I decided I’d write all three books this year (well, write and revise) to have them ready to publish in 2021….which had better not suck donkey butt like 2020!

This delay has actually been great because it’s allowed me to go back and throw in more foreshadowing and Easter eggs and clues and red herrings (there’s a mystery element to the books) that are really making me proud of this little trilogy and that I think will really captivate readers and give them a satisfying story.

But Back to My Octobo-WriMo Project

As I said, I had written a vague sort of scatterbrained few scenes for this third book, which amounted to about 14,000 words, but I had no idea what was really supposed to happen in this book.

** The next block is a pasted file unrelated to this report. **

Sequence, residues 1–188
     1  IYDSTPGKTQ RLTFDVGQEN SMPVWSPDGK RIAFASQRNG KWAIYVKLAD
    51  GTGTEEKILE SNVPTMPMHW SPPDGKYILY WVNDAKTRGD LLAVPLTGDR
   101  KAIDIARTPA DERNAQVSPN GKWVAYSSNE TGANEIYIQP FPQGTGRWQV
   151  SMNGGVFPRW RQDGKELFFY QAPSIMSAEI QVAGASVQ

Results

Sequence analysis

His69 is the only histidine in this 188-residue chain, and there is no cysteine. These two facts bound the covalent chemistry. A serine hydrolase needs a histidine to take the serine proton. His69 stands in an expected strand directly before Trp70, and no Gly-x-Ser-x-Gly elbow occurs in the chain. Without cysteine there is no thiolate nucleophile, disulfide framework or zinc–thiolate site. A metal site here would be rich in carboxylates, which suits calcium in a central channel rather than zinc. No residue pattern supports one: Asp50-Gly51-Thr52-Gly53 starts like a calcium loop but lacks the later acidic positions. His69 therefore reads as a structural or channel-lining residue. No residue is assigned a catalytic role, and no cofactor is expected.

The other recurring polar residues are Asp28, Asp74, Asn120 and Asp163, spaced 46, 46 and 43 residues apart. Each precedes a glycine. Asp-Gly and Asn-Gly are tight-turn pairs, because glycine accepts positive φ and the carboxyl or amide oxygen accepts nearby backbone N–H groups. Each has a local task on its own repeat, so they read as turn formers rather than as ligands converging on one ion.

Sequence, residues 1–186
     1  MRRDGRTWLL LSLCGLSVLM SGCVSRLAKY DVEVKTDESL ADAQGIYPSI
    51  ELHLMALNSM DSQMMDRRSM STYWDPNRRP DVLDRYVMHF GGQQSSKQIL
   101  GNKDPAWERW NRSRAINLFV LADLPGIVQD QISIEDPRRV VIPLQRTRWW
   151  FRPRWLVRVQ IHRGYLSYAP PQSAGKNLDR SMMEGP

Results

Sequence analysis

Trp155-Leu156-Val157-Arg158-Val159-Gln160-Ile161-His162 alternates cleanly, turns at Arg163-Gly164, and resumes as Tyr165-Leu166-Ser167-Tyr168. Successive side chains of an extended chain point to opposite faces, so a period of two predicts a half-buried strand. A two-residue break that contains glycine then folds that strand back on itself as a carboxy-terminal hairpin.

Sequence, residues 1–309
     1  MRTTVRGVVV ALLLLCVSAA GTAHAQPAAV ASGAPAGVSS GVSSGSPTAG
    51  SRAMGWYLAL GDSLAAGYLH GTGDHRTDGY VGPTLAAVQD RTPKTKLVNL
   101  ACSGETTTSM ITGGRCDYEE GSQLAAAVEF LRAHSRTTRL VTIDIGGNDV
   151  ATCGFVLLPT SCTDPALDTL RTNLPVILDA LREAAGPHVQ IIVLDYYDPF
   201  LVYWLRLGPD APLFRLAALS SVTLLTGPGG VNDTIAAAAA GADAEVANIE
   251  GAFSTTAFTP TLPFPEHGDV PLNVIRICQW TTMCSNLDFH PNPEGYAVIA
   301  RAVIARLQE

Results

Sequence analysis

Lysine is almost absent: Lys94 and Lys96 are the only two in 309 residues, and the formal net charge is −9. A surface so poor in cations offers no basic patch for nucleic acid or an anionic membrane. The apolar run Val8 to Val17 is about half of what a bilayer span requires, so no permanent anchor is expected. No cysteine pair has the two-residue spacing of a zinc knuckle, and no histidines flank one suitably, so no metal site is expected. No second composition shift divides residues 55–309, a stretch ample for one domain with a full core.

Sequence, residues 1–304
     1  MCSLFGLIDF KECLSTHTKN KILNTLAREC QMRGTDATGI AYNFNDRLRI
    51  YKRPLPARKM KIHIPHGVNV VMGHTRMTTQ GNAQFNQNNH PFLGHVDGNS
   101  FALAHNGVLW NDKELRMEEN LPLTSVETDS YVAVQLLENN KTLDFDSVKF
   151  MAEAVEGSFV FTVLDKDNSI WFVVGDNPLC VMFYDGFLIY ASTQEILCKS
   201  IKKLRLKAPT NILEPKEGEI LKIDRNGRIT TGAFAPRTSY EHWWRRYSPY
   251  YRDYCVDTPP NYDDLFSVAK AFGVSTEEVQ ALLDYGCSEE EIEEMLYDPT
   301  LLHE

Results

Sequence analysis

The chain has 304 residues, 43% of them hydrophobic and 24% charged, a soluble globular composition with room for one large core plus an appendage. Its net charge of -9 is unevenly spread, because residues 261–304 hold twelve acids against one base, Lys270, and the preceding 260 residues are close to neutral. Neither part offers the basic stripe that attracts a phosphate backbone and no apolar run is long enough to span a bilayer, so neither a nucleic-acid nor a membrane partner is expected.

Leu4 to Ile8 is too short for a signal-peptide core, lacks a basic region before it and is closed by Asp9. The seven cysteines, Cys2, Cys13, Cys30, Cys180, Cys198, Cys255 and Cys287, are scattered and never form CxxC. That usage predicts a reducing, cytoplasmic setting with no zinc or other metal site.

Okay, that’s not true. I knew exactly how it would end. And I knew exactly how it would begin.

For those of you aware of story structure, you’ll know that stories are generally composed of three acts. Act I comprises about 25% of the tale, Act II takes up 50%, and Act 3 rounds out the final 25%.

So, stepping away from my normal linear approach to writing a book, in the first week of October I wrote the end (Act III). And I devoted the second week to the beginning (Act I). Which, according to the story structure gurus, means last Saturday I reached the halfway point on that first draft.

 

That also means the next two weeks, right on up to Halloween, are going to be spent on Act II.

But wait, I just said I had no idea what was supposed to happen in Act II. You’re right. I did have some idea of might happen, but no real clue of the actual steps for any of those events.

I thought I could work with that. I thought I could wing it. I mean, I know these characters, I know this story. Surely, I could just sit down and type and the sentences would come to me.